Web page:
The 8 Best Beach Canopies of 2022, Tested and Reviewed

Pacific Breeze's Easy Setup Beach Tent Is Our favorite

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Best Beach Canopies

Tripsavvy / Chloe Jeong

TripSavvy's Pick

The Pacific Breeze Easy Set Up Beach Tent is our best overall pick. It is easy to carry, set up, and take down while providing ample shade and is at a more accessible price point. If you're looking for an even more affordable option, our testers liked the WhiteFang Beach Tent, which is an excellent item for its price.

For frequent beachgoers, a shade structure is a worthy investment. Depending on your needs, you might choose a small and light beach canopy or a highly practical and portable option for a solo or couple’s day at the beach. From there, options include extra-large canopies and tents that can provide shade for a whole family and any gear and coolers. You can find beach canopies in all colors and styles, ranging from umbrellas to staked sunshades to tents. To help narrow your search, we researched and tested 19 top options for different needs, considering their weight, usability, and fabric.

Here are the best beach canopies available.

Best Overall: Pacific Breeze Easy Setup Beach Tent

Pacific Breeze Easy Setup Beach Tent


What We Like
  • Easy to carry

  • Easy setup and provides plenty of shade

  • Thoughtful features and designs to increase comfort

What We Don't Like
  • Would be a bit cramped for more than two adults

The Pacific Breeze Beach Tent can survive your beach day, no matter what the weather conditions are. It has a lightweight polyester shell that repels water, wind, and sun. It also features a durable fiberglass frame and a water-resistant floor. This tent comes with five sand pockets and four stacks for added stability. Measuring 87 x 47 x 49 inches, we found that this tent can fit two adults comfortably.

"The Pacific Breeze Easy Setup Beach Tent is the truly easy setup solution for trips to the beach, lake, or even outdoor concerts and festivals," product tester, Kimberly Holland said. "You don’t have to keep track of frame pieces or anchors; everything is easily carried inside the drawstring bag."

Our testers also enjoyed the thoughtfulness of features for added comfort inside the tent. "For example, the two mesh windows on either side can be secured in place with hook-and-loop fastener strips in the event of strong winds or even a light shower," Holland reported. "If you want to enjoy the breeze, you can roll the windows up and secure them with elastic ties. At the top of the center section, there are two mesh pockets for storing cell phones or anything you want to keep out of the way of sand and water."

Two issues our testers had with the canopy: It required a bit more force than expected to actually snap the canopy in place, and while it says it can fit up to three people, our testers reported that it's more likely to fit two adults and a small child or two if you leave out your beach chairs.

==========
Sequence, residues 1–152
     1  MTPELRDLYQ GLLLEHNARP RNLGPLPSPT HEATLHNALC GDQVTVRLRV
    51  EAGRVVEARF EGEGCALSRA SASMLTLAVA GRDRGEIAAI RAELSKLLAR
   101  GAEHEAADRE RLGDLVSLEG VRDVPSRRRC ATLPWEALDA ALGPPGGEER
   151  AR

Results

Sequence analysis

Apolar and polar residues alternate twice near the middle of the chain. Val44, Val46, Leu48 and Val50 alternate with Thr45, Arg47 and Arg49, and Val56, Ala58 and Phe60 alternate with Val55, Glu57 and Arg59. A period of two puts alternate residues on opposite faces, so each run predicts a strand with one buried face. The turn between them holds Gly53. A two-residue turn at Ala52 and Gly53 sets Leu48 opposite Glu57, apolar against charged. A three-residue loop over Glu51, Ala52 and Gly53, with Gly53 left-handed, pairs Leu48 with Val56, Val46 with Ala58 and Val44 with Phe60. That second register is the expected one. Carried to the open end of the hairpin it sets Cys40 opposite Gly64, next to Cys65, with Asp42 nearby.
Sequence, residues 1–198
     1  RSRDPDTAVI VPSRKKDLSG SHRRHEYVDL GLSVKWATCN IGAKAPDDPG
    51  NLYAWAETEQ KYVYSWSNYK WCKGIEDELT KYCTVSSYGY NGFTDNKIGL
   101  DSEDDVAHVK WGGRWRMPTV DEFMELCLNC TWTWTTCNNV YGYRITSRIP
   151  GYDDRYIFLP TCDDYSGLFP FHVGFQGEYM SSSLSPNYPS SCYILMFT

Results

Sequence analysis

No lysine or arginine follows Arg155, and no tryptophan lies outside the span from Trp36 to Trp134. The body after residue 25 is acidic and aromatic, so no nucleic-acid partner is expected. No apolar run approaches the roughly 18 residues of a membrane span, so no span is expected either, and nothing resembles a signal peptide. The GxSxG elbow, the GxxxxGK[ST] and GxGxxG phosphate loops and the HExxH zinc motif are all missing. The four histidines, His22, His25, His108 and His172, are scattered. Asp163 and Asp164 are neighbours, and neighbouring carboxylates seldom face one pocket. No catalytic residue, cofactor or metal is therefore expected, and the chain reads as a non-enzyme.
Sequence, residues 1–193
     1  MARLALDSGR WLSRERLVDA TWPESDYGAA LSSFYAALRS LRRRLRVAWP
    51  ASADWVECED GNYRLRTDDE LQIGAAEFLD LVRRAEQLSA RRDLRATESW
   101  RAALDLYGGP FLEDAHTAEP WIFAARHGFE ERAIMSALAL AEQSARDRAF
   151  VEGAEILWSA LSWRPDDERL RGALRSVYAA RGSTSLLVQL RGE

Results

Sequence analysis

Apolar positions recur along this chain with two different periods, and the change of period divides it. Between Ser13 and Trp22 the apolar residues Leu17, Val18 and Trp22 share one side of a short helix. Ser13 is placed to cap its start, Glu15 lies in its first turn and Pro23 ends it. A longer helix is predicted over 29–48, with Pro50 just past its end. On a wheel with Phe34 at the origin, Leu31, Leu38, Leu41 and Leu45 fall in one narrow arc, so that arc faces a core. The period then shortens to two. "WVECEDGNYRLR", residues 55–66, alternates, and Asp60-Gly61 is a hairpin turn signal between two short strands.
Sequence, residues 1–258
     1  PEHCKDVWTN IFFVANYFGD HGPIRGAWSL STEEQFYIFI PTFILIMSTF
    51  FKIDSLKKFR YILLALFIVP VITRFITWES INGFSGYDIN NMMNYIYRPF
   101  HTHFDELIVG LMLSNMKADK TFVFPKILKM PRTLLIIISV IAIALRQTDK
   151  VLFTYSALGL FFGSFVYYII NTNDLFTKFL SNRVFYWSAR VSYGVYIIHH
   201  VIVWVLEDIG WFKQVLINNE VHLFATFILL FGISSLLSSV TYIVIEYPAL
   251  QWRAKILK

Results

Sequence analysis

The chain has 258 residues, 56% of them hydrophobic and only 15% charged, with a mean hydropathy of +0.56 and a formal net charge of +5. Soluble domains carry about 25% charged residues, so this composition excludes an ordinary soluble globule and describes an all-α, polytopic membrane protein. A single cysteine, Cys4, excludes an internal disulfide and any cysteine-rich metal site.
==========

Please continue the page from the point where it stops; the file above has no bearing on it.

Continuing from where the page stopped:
Price at time of publish: $62

Capacity: Up to three people | Dimensions: 87 x 47 x 49 inches | Sun Protection: UPF 50+ | Weight: 4.5 pounds

Pacific Breeze Easy Setup Beach Tent

TripSavvy / Monica Aguinaga

Best Overall, Runner-Up: SUN NINJA Pop Up Beach Tent

Sun Ninja Pop Up Beach Tent
Amazon photo.


What We Like
  • Fits up to eight people in the largest size

  • Canopy style, so ample shade and breeze can pass through

  • Easy transportation with the included bag

  • Easy setup

What We Don't Like
  • More expensive than the Pacific Breeze

If you're looking for a little more room in the shade or prefer a more traditional canopy feel, we recommend the Sun Ninja Pop Up Beach Tent. This three-step-setup tent was very simple for our testers. They loved that the canopy fit easily into a bag, which could, in turn, fit easily into a beach wagon or tote bag. The poles snapped easily into place, and the testers liked the included scoop to shovel sand into the pockets to help secure the tent. Overall, they reported a less-than-five-minute setup.

Lastly, our testers loved that the canopy had great coverage from the sun—and a high UPF rating to boot—with the total breeze able to blow through. Yes, this tent is quite a bit pricier than the Pacific Breeze Easy Set Up Tent, but the Sun Ninja also has greater capacity. If you anticipate needing a tent to fit a few more people, we highly recommend this one as it comes in three sizes, going all the way up to an eight-person capacity.

Price at time of publish: $160

Capacity: Four, six, or eight people (three sizes) | Dimensions: 120 x 120 inches | Sun Protection: UPF 50+ | Weight: Not listed

Sun Ninja Pop Up Beach Tent

TripSavvy / Jamie Griffin

Best Budget: WhiteFang Beach Tent Anti-UV Portable Sunshade Shelter

WhiteFang Beach Tent


What We Like
  • Very lightweight

  • UPF 50+, mesh windows, storage pouches

  • Will fit easily into carrying bag that packs down small enough to fit in tote bag or beach wagon

What We Don't Like
  • Floor material can get hot if not shaded

  • Not the easiest setup

This classic beach tent from WhiteFang boasts many features and materials of a premium tent but at a much more approachable cost. It's got steel stakes, guylines, fiberglass rods, and UV-resistant material. It also has three large mesh windows with zippers, some storage pouches, a hanging hook, and two-way zippers, allowing beachgoers to open the tent from the inside or outside.

Our testers reported that it also fits easily into its carry bag and packs down small to fit in a cart or tote bag. They also liked the mesh windows, which created excellent ventilation. However, it did have a few quirks that our testers weren't super-fond of. While the setup wasn't overly convoluted, it did take more time than expected, especially on windy days. The material on the ground did get hot when unshaded, but for its cost and lightness (weighing just over three pounds), our testers thought this tent was very much worth the purchase.

Price at time of publish: $40

Capacity: Three people | Dimensions: 83 x 55 x 46 inches | Sun Protection: UPF 50+ | Weight: 3.3 pounds

WhiteFang Beach Tent

TripSavvy / Jamie Griffin

Easiest to Set Up: Qipi Beach Cabana

Qipi Beach Cabana


What We Like
  • Very solid cabana, even in wind and harsh sun

  • Storage pockets on the poles

  • Sandbags at the base of the poles for stability

What We Don't Like
  • Could be taller; our tall testers had to duck their heads